With the advent of 3.1.X, there's a lot of Dual-Spec speculation hopping around the forums. Many players feel that Tanks and Healers must have an alternate DPS spec to handle certain encounters (Moving from Maexxna, a single-tank boss, to Patchwerk, a three-tank boss, for example). More moderate raiders do not view this as a requirement, and I have to agree with them. After all, it's hard enough for all but the most hardcore raiding guilds to gear up everyone in a run in full i213/i226. If trying to add in a second spec for 10 of your 25 raiders, you're calling for another 10 sets of gear. This seems like a ludicrous requirement for entering new progression; Perhaps after all of the content is on farm status, this would be possible, but at that point there's no challenge left anyways - it simply becomes a means for speed optimizations, rather than a source of necessary fight-winning advantages.

There's more arguments for Dual-Spec being a matter of convenience, rather than necessity, and thus I feel justified in playing my tank as just a tank. What, then, do I do with my second spec slot? After a lot of thought and research, I've decided that the time has come for me to put aside the full-mitigation spec that I've been running for the entirety of WotLK. Enter Deep Wounds.

Tentative Threat Spec (15 / 5 / 51)To make a DW spec, 15 points need to go into the Arms tree. Shockwave is too powerful a tool to be left out of any Prot DPS rotation, so I feel that it must be included as well; thus, 51 points are needed in the Protection tree. This leaves 5 "flex points" that can be placed wherever necessary. How does one optimize their placement for a TPS spec? This is where that comment about mathyness comes in - I wanted to know exactly which talents would return the most net benefit. Namely, which returns more TPS per point, Armored to the Teeth or Cruelty?

Glyphed With:

Glyph of Cleaving - Wonderful for any AoE tank job

Glyph of Heroic Strike - in 3.1.X, +5% crit chance on HS

Glyph of Blocking - More BV = More SS damage

There's a lot to take into account here:

- Armored to the Teeth scales with Armor. I've assumed that the tank in question has 24,000 armor for my calculations here, which is about what a set of i213 gear will return. Armor trinkets and higher-armor gear will net a large return from this talent, if they can be fit in.
- Deep Wounds "rolls," which is a new mechanic of 3.0.2. In essence, this means that multiple crits within the 6-second bleed timer will all be taken into account, so the damage of an old crit is not overwritten or clipped by the new crit - the remaining old bleed damage is instead added into the new bleed with an even distribution.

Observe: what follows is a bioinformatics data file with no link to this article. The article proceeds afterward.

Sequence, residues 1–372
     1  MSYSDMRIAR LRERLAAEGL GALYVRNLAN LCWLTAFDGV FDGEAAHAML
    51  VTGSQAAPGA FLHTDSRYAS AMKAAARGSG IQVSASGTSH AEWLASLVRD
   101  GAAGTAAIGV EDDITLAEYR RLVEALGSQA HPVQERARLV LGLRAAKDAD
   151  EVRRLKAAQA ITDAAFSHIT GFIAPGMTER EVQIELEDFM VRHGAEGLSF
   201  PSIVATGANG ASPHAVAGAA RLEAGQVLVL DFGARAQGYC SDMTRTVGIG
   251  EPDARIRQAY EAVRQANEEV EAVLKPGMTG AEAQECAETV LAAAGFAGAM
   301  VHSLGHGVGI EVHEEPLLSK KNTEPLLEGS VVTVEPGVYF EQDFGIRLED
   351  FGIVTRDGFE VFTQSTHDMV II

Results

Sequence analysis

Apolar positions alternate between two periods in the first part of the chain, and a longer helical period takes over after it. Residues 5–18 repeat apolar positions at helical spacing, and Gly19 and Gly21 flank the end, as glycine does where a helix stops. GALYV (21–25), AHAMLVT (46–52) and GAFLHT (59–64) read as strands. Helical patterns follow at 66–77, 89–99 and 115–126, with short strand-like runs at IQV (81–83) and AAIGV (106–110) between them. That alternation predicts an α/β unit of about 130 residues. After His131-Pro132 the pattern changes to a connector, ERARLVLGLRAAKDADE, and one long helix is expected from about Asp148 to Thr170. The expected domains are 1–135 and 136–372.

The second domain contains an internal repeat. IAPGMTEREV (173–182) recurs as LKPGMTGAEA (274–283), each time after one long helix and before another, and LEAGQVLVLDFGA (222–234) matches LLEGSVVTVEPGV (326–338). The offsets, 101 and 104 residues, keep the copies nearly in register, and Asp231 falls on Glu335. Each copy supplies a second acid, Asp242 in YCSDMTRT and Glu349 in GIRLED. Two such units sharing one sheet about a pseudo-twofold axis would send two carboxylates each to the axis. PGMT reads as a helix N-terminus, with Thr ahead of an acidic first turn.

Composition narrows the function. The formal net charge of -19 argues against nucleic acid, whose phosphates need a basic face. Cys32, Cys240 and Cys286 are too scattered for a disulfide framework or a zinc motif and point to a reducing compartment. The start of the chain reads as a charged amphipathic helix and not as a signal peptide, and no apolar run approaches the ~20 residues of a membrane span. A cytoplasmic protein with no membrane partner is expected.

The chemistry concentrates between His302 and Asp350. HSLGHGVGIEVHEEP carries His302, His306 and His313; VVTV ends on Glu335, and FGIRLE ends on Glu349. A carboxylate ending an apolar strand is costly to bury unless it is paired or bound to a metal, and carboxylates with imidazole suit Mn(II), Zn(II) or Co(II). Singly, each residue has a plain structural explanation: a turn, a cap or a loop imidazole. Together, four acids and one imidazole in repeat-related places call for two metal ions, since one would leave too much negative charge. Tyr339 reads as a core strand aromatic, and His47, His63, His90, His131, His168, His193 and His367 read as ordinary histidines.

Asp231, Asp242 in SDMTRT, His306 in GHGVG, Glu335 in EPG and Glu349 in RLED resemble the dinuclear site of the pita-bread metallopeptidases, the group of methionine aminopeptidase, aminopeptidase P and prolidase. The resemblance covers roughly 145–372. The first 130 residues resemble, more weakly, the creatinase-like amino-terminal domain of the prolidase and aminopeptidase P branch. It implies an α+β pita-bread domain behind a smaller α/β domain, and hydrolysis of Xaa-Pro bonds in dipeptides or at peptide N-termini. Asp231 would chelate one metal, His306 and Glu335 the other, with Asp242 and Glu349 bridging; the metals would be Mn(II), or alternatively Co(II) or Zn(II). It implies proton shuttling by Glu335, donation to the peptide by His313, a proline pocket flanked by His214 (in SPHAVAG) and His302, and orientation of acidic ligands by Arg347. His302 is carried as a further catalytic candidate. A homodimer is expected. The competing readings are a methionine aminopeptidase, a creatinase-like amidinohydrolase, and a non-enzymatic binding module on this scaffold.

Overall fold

- Deep Wounds necessitates Impale, which increases crit damage by 20%.
- Weapon Speed and Weapon ilvl both influence the damage caused by Deep Wounds, as it is based off of normalized weapon damage.
- Deep Wounds can occur because of any crit that the Warrior causes. This includes: Damage Shields, Thunderclap, Shockwave, Cleave, and all of our single-target abilities. Everything counts for it, and they all apply an equal amount of damage.
- More things that I'm not remembering at the moment, for sure...

DWrank3 = (Normalized_Weapon_Damage * 0.48)Where K is: 1.7 for Daggers; 2.4 for any other One-Handed Weapon.

Normalized_Weapon_Damage = (Minimum_Weapon_Damage + Maximum_Weapon_Damage)/2 + (K * Attack_Power)/14

Let's assume that we're using an i200 Epic Tanking weapon, because Last Laugh just hasn't dropped for us yet, and Broken Promise is just a little too slow for our liking. We can also assume that we're sitting at roughly 2,800 Attack_Power, for simplicity. Let's plug in:

Normalized_Weapon_Damage = (160 + 299)/2 + (2.4 * 2800)/14 = 229.5 + 480 = 709.5That's a fair baseline to use as the damage that our Deep Wounds will cause with each crit. Next, we need to figure out what the relative increases to that baseline are, both from AttT and Cruelty.

DWrank3 = (709.5 * 0.48) = 340.56 damage over 6 seconds.

Starting with AttT, we gain 400/3 AP for each talent point we spend there. This accounts for:

NWD_bonus = (2.4 * 400/3)/14 = 22.8That doesn't seem too substantial, but it is a non-trivial percentage increase. That is:

DWrank3_bonus = (22.8 * 0.48) = 10.97 damage over 6 seconds.